5. Conclusions

In conclusion, the effectiveness of recovery of Campylobacter from effluent waters by culture depends on the method of isolation. Direct plating on CASA agar provides a quick, simple and reliable method and performed better than the recommended mCCDA plates. Addition of a filtration step or enrichment in Preston could improve the chance of recovering Campylobacter, however, the method of choice influences the recovered species (C. jejuni vs. C. coli).



This work was partially supported by the Ministry of Economy and Competitiveness (AGL2009-07550; AGL2012-39028) and by the Autonomous Community of Madrid, Spain (S2009/AGR-1489; S2013/ABI-2747). M. Ugarte-Ruiz was supported by the FPU programme (AP2009-1747) from the Spanish Ministry of Education, Culture and Sports and D. Florez-Cuadrado by the FPI programme (BES-2013-065003) of the Spanish Ministry of Economy and Competitiveness. The authors also wish to thank the technicians M. Carmen Comerón, Nisrin Maasoumi and Lorena del Moral for their excellent technical assistance and to the VISAVET-BRUKER Mass Spectrometry Unit.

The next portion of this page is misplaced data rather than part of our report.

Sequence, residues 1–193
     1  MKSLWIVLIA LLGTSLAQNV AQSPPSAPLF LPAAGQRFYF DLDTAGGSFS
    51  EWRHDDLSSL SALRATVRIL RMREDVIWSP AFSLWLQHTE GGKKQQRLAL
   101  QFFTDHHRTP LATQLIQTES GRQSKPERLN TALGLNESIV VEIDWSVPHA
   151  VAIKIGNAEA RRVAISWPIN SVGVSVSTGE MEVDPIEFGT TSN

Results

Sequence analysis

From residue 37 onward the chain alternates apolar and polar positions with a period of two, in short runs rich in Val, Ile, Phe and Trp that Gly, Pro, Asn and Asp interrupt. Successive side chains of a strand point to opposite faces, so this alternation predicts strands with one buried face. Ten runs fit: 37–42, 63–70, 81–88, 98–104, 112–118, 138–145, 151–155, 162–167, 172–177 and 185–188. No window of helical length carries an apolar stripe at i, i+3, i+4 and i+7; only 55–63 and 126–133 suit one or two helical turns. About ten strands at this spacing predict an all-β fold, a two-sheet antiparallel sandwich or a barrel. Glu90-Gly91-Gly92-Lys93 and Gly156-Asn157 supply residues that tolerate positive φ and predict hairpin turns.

Author Contributions

María Concepción Porrero, Lucas Domínguez and María Ugarte Ruiz conceived and designed the study; experimental work and statistical analysis was mainly performed by María Ugarte Ruiz with assistance from Diego Florez-Cuadrado and Trudy Wassenaar assisted in preparation of the manuscript and in analysing the data. All authors contributed to editing the manuscript.


Conflicts of Interest

The authors declare no conflict of interest.


This article was originally published at International Journal of  Environmental Research and Public Health 201512(3), 2749-2764; doi: 10.3390/ijerph120302749.



1. EFSA (European Food Safety Authority) and ECDC (European Centre for Disease Prevention and Control). The European Union summary report on trends and sources of zoonoses, zoonotic agents and food-borne outbreaks in 2012. EFSA J. 2014, 12, doi:10.2903/j.efsa.2014.3547.

2. Whiley, H.; van den Akker, B.; Giglio, S.; Bentham, R. The role of environmental reservoirs in human campylobacteriosis. Int. J. Environ. Res. Public Health 2013, 10, 5886–5907.